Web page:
Contributed by Monika A Wrzolek, MD(1) and David Zagzag, MD(2)
(1) Staten Island University Hospital, (2) New York University School of Medicine
Published on line in May 2002
Case 1. A thirty-eight year old man presented with new onset seizures. Physical and neurological examination s were unremarkable. Routine preoperative laboratory work-up was noncontributory. CT scan revealed left frontal extra-axial mass with localized bony sclerosis of the skull, peritumoral edema and shift to the right. Post contrast scan showed strong homogeneous enhancement of the lesion (Fig. 1). The patient had gross total resection of the mass, which on both clinical and radiological grounds was believed to be a meningioma. Postoperative course was uneventful, and he was asymptomatic when last seen three years after the surgery.
Case 2. A 69-year old woman presented with bilateral headaches and episodes of syncope. Physical and neurological examination was unremarkable. CT scan of the head revealed a left tentorial mass, with somewhat irregular contour, which enhanced on contrast study (Fig. 2). Presumptive diagnosis of a meningioma was made, and she underwent gross total resection of the tumor. After the pathological diagnosis was rendered, the patient was referred to a hematologist. Clinical evaluation revealed no other sites of disease. There was no evidence of recurrence when she was last seen five years after surgery.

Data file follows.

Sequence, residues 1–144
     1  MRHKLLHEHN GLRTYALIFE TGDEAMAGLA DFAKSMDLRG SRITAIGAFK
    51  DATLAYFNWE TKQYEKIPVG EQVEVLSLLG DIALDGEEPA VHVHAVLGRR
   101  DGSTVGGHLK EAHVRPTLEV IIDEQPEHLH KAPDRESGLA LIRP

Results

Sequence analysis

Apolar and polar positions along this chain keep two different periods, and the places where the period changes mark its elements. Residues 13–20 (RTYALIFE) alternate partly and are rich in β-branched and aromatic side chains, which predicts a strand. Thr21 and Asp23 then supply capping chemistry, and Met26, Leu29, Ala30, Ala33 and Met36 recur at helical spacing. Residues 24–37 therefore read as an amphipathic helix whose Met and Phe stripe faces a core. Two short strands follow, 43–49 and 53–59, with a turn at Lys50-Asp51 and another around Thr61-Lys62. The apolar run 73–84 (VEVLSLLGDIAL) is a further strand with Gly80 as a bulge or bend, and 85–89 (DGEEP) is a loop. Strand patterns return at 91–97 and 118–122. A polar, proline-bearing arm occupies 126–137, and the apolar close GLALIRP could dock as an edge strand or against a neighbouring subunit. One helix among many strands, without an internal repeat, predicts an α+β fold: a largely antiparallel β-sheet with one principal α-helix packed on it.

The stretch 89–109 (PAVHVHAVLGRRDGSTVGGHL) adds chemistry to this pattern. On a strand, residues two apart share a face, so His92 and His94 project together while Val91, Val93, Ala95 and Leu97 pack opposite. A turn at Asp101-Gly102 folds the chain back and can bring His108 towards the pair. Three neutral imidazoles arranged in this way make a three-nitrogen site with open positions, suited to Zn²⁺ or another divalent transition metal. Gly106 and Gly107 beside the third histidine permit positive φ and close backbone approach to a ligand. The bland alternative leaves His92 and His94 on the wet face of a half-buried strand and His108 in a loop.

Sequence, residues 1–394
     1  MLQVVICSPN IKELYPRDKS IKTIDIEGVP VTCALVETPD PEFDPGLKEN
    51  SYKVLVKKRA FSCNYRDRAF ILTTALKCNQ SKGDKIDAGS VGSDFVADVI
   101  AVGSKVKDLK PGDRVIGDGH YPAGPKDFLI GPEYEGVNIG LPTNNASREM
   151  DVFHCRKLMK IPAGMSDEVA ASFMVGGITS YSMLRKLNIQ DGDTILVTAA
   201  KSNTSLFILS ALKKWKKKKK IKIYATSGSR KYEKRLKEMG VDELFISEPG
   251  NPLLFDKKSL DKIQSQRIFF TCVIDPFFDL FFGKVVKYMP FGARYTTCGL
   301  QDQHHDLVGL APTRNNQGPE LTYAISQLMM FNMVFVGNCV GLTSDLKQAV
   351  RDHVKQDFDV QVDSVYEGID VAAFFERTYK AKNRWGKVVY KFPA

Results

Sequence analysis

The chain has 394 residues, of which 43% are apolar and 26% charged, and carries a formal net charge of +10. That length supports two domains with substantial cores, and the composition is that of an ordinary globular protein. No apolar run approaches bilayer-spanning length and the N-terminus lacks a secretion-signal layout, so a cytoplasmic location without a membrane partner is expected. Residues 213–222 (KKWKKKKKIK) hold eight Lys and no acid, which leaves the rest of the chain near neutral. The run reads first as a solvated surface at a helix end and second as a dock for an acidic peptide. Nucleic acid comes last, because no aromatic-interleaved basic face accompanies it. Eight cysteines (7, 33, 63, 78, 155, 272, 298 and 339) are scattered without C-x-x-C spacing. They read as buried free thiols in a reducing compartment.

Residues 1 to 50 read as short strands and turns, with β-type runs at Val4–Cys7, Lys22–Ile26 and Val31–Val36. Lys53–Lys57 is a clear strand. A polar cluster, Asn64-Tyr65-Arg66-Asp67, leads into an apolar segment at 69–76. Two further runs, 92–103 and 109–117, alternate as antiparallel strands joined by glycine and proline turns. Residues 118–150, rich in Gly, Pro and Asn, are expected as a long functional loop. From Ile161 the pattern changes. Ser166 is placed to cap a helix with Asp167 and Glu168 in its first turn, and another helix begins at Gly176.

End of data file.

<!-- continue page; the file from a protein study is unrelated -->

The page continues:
GROSS AND MICROSCOPIC FINDINGS